Life Wellbeing The rise of the ‘anxious consumer’: How the coronavirus pandemic ruined ‘retail therapy’

The rise of the ‘anxious consumer’: How the coronavirus pandemic ruined ‘retail therapy’

Woman pushes a shopping cart in a supermarket during the coronavirus pandemic. She is wearing a protective face covering as well as protective gloves
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From browsing books to trying on clothes, shopping has long been a favoured pastime for many Australians. Then the coronavirus pandemic happened.

Despite Australia’s success in containing COVID-19, many consumers remain fearful of returning to retail spaces, data from the Australian Bureau of Statistics shows.

COVID-19 has triggered an e-Commerce boom, with one third (33 per cent) of Australians preferring to do more shopping online than before the start of the COVID-19 pandemic according to the ABS’ Household Impacts of COVID-19 November survey.

The size of a bricks-and-mortar store matters too, with two in five (40 per cent) of shoppers surveyed by the ABS reporting they were uncomfortable or very uncomfortable with shopping at a large complex or mall because of COVID-19.

Associate Professor Jana Bowden says the pandemic has fuelled consumer anxiety.

The ‘anxious consumer’

The threat of COVID-19 has seen the pleasures of ‘retail therapy’ replaced by ‘retail anxiety’, consumer psychologist and Macquarie University associate professor of marketing Jana Bowden told The New Daily.

The pandemic has transformed what was once considered a relaxing, enjoyable outing into one that feels risky for many shoppers.

We’ve been put into a mentality in 2020 where we’re basically constantly anxious,” Dr Bowden said.

“I term this the rise of the anxious consumer, and my viewis  this underlying anxiety and stress is going to say into next year, it’s not going to change.”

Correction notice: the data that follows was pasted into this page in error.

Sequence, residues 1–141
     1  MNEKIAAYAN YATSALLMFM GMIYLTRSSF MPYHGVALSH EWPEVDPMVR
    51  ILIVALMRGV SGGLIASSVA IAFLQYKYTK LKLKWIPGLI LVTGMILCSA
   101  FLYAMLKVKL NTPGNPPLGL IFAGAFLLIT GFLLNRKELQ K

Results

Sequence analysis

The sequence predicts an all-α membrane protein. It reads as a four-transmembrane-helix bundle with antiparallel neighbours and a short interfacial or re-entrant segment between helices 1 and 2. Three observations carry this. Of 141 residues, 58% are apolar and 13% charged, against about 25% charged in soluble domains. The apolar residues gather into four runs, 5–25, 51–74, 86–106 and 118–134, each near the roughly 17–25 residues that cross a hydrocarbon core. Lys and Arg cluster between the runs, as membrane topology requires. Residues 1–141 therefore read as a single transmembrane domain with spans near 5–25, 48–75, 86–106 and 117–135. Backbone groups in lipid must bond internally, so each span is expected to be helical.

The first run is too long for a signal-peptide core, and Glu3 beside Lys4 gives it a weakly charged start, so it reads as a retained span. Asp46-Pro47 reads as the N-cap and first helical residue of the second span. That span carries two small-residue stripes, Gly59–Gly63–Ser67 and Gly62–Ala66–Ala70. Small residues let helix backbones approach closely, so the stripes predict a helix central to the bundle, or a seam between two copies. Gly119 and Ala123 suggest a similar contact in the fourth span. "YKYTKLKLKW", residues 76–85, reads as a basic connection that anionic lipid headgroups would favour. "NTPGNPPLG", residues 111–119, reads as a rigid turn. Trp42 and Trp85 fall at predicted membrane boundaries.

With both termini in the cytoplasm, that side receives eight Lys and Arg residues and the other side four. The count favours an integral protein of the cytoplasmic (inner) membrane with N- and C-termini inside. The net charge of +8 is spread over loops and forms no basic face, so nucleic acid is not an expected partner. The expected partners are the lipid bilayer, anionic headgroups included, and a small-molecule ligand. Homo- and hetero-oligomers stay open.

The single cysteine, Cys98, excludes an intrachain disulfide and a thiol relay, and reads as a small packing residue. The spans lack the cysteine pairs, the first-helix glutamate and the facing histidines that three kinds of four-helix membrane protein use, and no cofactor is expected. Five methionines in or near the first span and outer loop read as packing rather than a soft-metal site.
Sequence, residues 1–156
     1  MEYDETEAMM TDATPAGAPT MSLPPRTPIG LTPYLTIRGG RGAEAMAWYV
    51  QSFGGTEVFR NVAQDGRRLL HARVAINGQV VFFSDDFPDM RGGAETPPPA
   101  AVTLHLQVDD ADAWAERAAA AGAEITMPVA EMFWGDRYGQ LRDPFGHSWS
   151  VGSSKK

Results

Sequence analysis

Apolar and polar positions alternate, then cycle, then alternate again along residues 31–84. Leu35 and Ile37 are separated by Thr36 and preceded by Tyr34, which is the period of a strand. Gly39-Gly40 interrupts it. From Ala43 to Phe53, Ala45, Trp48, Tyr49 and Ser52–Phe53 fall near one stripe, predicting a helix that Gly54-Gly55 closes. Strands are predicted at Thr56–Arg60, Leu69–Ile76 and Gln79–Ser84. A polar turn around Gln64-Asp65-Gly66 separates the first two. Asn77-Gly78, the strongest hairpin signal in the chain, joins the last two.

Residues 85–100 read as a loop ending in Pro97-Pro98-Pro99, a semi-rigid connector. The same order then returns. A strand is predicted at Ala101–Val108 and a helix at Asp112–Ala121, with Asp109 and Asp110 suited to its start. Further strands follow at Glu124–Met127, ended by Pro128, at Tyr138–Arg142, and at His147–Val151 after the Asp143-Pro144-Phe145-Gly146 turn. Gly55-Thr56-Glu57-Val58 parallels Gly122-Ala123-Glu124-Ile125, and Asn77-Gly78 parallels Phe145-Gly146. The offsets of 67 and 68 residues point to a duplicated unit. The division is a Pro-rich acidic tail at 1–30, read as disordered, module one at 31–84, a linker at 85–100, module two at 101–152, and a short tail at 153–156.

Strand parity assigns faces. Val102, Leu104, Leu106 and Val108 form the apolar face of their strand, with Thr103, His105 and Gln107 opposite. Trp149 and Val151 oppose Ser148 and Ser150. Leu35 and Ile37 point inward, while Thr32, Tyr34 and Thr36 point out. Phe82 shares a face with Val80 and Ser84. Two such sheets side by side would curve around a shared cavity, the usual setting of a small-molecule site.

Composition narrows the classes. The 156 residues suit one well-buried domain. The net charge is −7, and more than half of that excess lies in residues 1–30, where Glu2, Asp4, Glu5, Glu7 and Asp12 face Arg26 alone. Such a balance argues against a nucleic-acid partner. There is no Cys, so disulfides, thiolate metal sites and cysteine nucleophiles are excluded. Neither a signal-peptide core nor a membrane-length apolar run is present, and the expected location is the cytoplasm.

The pandemic has “changed the consumer mindset and the psychology of the consumer” when it comes to shopping.

“It’s taken retail therapy, which used to be relaxing, browsing, having chats, and touching everything in sight, and turned it into retail anxiety,” Dr Bowden said.

While shopping was previously a a “hedonic, experiential or social thing” it has now become a “pragmatic, risk infused thing”, she explained.

“There’s residual anxiety. It’s an undercurrent in your mind when you go shopping.”

Small, local shops viewed as safer option

While the supermarket giants have been among the biggest winners from the pandemic, some shoppers have turned away from the chains and opted to support their local grocery and corner stores instead.

When it comes to ‘in-person’ rather than online shopping, consumers are most comfortable visiting a small local store, and least comfortable visiting a large mall or shopping complexes, the ABS found.

Nearly nine in ten (86.9 per cent) of survey respondents said they were comfortable shopping in-person at a local or corner store followed by a petrol or service station (83.7 per cent), a medium sized complex with few stores (77.9 per cent), markets with stalls (61 per cent), and a large complex or mall with many stores (58.8 per cent).

Fears of crowding are keeping people away from big shopping spaces, Dr Bowden said.

“Consumers are basically super hyper aware of the impact of social distancing,” she said.

“This presents a conundrum when we’re thinking about this Christmas sales period and the lead-up to the Boxing Day sales.

For the first time in our history we’ll be thinking twice about whether or not we rush in store to beat the crowds to sales tables.”

Lapsed COVID-safe practices and hygiene standards are also causing concern.

There is a creeping “complacency” in relation to COVID-safe practices, with some consumers not adhering to rules such as using hand sanitiser before entering a store, which is particularly evident in large shopping centres where there is less oversight from staff, Dr Bowden said.

“Consumers are also concerned about retailers and whether or not they’re actually still enforcing COVID safe practices like they were before,” she said.

On a positive note, consumers’ desire to avoid crowds coupled with a surge in ‘community spirit’ comes as a boon to local businesses.

“Hyper-local shopping behaviour will grow this year and into 2021, with consumers much more interested in shopping local and buying local,” Dr Bowden said.

“The first reason is there is this community spirit thing that’s happened this year. where we view ourselves as being in it together and people want to support their local businesses and keep them alive.

“The second aspect is that local stores obviously have less people into them and less density, and they’re perceived as being a safer locale for shopping.”

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